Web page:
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Veritas I/O Fencing and SCSI-3 Persistency

Veritas accomplishes the important task of managing access to storage with SCSI-PR. The I/O fencing method is used to avoid the split-brain condition in the cluster.

I/O fencing (or disk fencing) is a method to guarantee the data integrity in the face of a split-brain condition. When the mechanism used to detect the failure of a node breaks down, the cluster splits into cluster partitions. Each node tries to perform the corrective action. The method of I/O fencing is employed to remove the risk associated with the split-brain condition. I/O fencing blocks access to storage from the specific nodes.

DBEAC uses the SCSI-3 PR method to do fencing. SCSI-3 PR supports multiple nodes accessing a device, while simultaneously blocking access to other nodes. PR reservations are persistent across SCSI bus resets and also support multiple paths from a host to a disk. SCSI-3 PR uses the concept of registration and reservation. Each participating system or host registers its own key with the disk. Registered systems establish reservations, a method which insures that only the registered systems can write.

SCSI-3 PR provides a good method of fencing. Removing the registration from a device disables the write access for the host. One of the registered systems can eject another. A system wishing to eject another system issues 'pre-empt' and 'abort' commands. Once a node is ejected from membership it cannot eject others. The Veritas I/O fencing mechanism uses this principle.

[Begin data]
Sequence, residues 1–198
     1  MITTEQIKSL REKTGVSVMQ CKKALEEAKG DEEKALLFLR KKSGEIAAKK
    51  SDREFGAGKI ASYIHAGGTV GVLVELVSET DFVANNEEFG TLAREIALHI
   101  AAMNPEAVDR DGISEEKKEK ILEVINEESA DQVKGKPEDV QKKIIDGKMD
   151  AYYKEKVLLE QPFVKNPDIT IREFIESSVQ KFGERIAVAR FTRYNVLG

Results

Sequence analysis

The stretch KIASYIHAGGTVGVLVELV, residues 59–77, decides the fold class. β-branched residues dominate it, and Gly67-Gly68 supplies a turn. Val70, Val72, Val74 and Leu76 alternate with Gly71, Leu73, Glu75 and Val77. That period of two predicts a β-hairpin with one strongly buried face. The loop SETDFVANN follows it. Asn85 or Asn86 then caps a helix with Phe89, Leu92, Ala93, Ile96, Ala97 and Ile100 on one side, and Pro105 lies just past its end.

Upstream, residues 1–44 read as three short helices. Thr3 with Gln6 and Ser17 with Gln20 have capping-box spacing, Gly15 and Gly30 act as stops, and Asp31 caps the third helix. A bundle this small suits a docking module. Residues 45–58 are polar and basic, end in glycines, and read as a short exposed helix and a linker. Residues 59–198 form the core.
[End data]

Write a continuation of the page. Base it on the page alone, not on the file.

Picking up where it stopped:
I/O fencing allows write access to systems active in the cluster and blocks access for ejected systems. VxVM implements the fencing and all disks added to VM control are fenced automatically. Three small disks or LUNS are specified as ‘coordinator disks,’ which are used for the purpose of fencing. These disks act as a global lock during the cluster reconfiguration. Under the split-brain scenario, the nodes race for control of the coordination disks. The node that gains control begins fencing the other node by ejecting and removing the registration key.

Veritas provides a kernel-based fencing module to do the I/O fencing. This module gets the cluster reconfiguration information from the GAB module and begins fencing as required. The vxfen driver, which is installed on each system, uses coordinator disks to resolve potential split-brain conditions.


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